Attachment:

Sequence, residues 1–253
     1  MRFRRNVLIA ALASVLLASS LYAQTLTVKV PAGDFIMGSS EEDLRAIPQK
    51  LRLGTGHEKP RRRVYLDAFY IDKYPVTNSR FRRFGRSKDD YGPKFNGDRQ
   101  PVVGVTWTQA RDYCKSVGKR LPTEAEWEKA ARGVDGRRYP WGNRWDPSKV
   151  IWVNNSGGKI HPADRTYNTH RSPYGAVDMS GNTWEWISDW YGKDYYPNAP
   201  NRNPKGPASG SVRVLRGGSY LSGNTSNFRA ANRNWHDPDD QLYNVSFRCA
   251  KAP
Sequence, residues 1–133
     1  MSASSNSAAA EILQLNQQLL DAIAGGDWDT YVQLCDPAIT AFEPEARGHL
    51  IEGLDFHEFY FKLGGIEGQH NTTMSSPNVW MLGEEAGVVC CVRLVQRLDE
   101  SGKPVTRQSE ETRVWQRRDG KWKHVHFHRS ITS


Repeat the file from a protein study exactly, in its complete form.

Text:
Sequence, residues 1–253
     1  MRFRRNVLIA ALASVLLASS LYAQTLTVKV PAGDFIMGSS EEDLRAIPQK
    51  LRLGTGHEKP RRRVYLDAFY IDKYPVTNSR FRRFGRSKDD YGPKFNGDRQ
   101  PVVGVTWTQA RDYCKSVGKR LPTEAEWEKA ARGVDGRRYP WGNRWDPSKV
   151  IWVNNSGGKI HPADRTYNTH RSPYGAVDMS GNTWEWISDW YGKDYYPNAP
   201  NRNPKGPASG SVRVLRGGSY LSGNTSNFRA ANRNWHDPDD QLYNVSFRCA
   251  KAP
Sequence, residues 1–133
     1  MSASSNSAAA EILQLNQQLL DAIAGGDWDT YVQLCDPAIT AFEPEARGHL
    51  IEGLDFHEFY FKLGGIEGQH NTTMSSPNVW MLGEEAGVVC CVRLVQRLDE
   101  SGKPVTRQSE ETRVWQRRDG KWKHVHFHRS ITS